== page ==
Black Panther Party secretary speaks at Wooster

Men of Harambee members, pictured with Cleaver, organized the event along with Women of Images and the Black Women’s Organization (Photo by Meonyez Goodwin).

Meg Itoh
Editor in Chief

Kathleen Cleaver, perhaps best known for her previous role as communications secretary for the Black Panther Party between the years 1967-1971, spoke at The College of Wooster on Thursday, March 29. Her visit was organized by the Men of Harambee (MOH), the Women of Images (WOI) and the Black Women’s Organization (BWO).

Despite standing on the left wing of the stage against the wall, as she opted to stand behind the podium rather than sit in the chair placed center stage, Cleaver’s presence commanded the attention of every person in attendance.

Her talk was less of a speech and more of an intimate conversation shared with participants, in which she recounted her lived experiences related to the Black Panther Party. Cleaver’s visit gave the College community a rare moment to learn about the Black Panther Party from someone who had been directly involved and had, quite literally, lived with the movement. She is a hero to many who were in the audience and listening to her experiences — which she told with minimal structure, choosing to narrate with an informal storytelling style — provided a valuable opportunity of active education for all.

One dimension that Cleaver highlighted regarding the establishment of the Black Panther Party was the timing of events. The Vietnam War characterized the 1960-70s. The potential of being drafted for the war exacerbated decisions to either die in Vietnam or fight for liberation in the United States, particularly among people of color. She explained that many party members had joined after asking themselves, “Why should I go die in Vietnam? If I have to fight, why wouldn’t I just stay here? Stay here and fight for freedom for black people?”

Her words, coming from the mouth of a woman who had been on the frontline of the Black Panther Party during the height of the movement, gave a gritty realness to the events that audience members had only learned about through secondary sources. Hearing Cleaver speak candidly about assassinations, murders and police shootings directly from her own memory provided an unfiltered reality to processing history.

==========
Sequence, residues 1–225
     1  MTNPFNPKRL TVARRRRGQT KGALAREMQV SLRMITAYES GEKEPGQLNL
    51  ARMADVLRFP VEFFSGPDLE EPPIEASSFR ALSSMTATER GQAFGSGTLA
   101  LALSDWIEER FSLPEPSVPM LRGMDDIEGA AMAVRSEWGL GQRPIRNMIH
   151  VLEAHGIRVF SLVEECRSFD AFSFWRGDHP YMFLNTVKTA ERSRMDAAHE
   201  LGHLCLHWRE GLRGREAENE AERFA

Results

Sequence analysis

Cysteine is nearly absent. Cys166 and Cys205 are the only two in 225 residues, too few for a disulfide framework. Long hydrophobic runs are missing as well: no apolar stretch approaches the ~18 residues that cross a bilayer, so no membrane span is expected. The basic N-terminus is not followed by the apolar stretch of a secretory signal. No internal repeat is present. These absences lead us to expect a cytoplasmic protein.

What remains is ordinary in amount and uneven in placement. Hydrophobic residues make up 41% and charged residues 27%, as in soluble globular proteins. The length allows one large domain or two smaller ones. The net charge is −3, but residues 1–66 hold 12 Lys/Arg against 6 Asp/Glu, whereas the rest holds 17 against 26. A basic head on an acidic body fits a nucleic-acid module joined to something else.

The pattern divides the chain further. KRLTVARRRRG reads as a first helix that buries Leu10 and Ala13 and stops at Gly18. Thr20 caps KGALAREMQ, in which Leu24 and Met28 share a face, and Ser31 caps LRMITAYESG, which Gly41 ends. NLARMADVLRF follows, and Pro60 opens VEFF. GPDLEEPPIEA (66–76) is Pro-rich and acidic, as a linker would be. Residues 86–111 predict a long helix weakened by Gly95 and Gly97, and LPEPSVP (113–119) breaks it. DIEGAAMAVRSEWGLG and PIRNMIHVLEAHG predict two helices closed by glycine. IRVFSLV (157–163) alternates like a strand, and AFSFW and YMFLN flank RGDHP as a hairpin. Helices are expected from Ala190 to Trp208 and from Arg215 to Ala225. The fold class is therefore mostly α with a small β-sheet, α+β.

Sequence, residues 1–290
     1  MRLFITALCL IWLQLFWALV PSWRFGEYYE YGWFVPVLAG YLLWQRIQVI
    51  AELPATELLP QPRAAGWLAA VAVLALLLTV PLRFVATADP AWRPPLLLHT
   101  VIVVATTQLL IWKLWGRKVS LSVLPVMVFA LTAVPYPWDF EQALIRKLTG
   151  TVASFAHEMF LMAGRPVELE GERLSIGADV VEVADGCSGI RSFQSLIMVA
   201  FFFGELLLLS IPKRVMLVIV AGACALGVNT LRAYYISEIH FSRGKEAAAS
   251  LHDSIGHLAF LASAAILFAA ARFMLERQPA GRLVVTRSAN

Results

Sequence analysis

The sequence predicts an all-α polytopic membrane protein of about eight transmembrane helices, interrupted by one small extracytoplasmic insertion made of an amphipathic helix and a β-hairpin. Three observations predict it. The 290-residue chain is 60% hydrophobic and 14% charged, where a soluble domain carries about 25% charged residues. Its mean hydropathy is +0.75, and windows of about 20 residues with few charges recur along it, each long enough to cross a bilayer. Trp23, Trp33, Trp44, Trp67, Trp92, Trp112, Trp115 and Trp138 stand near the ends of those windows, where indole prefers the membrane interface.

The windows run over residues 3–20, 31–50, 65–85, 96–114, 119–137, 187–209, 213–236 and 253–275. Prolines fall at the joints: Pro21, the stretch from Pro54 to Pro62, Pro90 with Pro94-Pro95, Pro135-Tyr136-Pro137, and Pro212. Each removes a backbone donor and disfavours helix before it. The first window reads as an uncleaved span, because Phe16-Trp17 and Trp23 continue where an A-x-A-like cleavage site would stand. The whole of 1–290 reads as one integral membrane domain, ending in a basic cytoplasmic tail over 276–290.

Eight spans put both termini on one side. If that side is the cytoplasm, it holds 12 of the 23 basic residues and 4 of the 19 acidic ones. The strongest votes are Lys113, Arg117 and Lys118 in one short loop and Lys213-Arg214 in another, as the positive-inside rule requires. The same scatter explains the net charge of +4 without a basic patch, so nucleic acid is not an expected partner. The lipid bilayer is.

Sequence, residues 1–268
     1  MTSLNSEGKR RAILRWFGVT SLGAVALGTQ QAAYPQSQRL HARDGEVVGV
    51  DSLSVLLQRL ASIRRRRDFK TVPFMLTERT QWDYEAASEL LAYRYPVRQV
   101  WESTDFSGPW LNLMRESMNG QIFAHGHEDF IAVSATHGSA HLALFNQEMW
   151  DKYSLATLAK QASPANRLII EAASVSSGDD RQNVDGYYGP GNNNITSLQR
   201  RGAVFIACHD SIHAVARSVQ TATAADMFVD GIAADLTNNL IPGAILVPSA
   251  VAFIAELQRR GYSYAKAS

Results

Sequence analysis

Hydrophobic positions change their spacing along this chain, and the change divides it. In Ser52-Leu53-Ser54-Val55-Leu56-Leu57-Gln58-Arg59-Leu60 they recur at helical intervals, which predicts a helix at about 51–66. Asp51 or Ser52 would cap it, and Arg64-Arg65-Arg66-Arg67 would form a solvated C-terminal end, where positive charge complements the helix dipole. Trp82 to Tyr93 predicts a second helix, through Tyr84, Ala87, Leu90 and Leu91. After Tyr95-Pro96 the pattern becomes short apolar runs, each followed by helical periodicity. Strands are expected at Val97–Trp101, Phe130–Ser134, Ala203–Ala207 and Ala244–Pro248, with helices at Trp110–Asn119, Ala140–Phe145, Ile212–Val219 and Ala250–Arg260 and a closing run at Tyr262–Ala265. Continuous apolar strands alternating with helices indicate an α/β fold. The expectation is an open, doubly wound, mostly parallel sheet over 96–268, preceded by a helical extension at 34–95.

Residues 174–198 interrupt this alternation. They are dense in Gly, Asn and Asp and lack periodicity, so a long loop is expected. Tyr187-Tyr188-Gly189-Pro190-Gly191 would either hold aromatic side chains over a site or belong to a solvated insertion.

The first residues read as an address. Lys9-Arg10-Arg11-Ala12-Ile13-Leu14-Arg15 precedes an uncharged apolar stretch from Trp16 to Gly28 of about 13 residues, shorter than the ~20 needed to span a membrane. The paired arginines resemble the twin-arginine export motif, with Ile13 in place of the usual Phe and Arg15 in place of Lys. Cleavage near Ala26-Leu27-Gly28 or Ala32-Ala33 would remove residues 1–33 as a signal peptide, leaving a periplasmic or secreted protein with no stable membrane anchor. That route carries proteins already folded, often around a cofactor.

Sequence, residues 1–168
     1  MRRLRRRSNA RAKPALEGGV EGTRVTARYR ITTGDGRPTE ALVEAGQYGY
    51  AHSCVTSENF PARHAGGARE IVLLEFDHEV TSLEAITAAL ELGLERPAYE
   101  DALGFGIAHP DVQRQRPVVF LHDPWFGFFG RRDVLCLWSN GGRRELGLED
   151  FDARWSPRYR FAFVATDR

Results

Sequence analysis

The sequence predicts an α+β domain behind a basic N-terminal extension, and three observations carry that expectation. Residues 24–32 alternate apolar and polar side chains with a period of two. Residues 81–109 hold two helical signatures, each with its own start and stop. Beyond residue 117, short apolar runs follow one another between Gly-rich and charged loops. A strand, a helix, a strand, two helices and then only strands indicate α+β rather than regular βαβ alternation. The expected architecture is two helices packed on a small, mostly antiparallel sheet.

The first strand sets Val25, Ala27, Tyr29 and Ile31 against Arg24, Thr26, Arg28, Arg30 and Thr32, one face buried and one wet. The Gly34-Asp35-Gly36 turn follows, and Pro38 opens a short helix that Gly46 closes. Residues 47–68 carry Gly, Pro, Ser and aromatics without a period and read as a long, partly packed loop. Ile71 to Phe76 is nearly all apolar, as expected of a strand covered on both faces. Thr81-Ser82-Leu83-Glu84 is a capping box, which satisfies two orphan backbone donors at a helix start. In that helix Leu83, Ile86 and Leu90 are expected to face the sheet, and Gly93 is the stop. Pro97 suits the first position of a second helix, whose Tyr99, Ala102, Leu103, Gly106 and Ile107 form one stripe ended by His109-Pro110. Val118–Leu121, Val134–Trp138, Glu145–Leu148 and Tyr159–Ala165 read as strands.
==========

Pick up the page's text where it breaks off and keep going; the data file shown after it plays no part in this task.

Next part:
Derrius Jones ’18, president of MOH who played an integral role in organizing Cleaver’s visit to campus, affirmed the impact of listening to Cleaver’s first-hand account of events. “To read about it still, but then to hear about it,” he said. “It was amazing.”

One instance in which Cleaver’s personal insight reframed a narrative was the death of Bobby Hutton, who was the first Panther to be murdered by the police. According to Cleaver, his death became a “radical focal point” of the movement.

She explained that when the Panthers were surrendering to the police, they removed their clothes to demonstrate that they were unarmed. However, Hutton was 17-years-old and embarrassed to take off all his clothes.

“He came out with his hands up, no shirt but with pants, and they killed him,” she said. “He didn’t even get a chance to walk down the steps.” It was this transparent tone, rife with passion but also unabashed honesty, that struck the minds of listeners.

Jones was particularly impressed by her openness with the crowd. “She wasn’t reserved; she was engaged in conversation,” he said. Jones also explained that he was impressed by Cleaver’s ability to “keep the crowd vivacious.” He recounted looking around the room during her talk to see if everyone else was as enthralled with her as he was.

Meonyez Goodwin ’18, co-contact of WOI, certainly was. She explained that as a black woman, there was an immeasurable value in having a black woman activist speak on her experiences and provide deeply personal advice. “She said to always fight for the cause, fight for the movement … she definitely [also] mentioned to take care of yourself. Always remember what you’re doing and the people you’re doing it for,” said Goodwin.

Cleaver’s advice stems from what motivated the Black Panther Party movement during her active days, which was also for the people. “We want the power to determine the destination of our own black people,” she said. “Who doesn’t want the power to determine their destiny?”

Although Cleaver’s talk focused on her own experiences, she did not speak much on herself. However, her answer to one audience member’s question — asking what it takes to be a Black Panther — seemed to be most revealing of her values, beliefs in fundamental principles related to the Black Panther Party and humorous personality.

“First of all, it takes imagination. It takes energy. It takes commitment,” she said. “You have to want to liberate the people … and you have to be able to get by with a little bit of sleep.”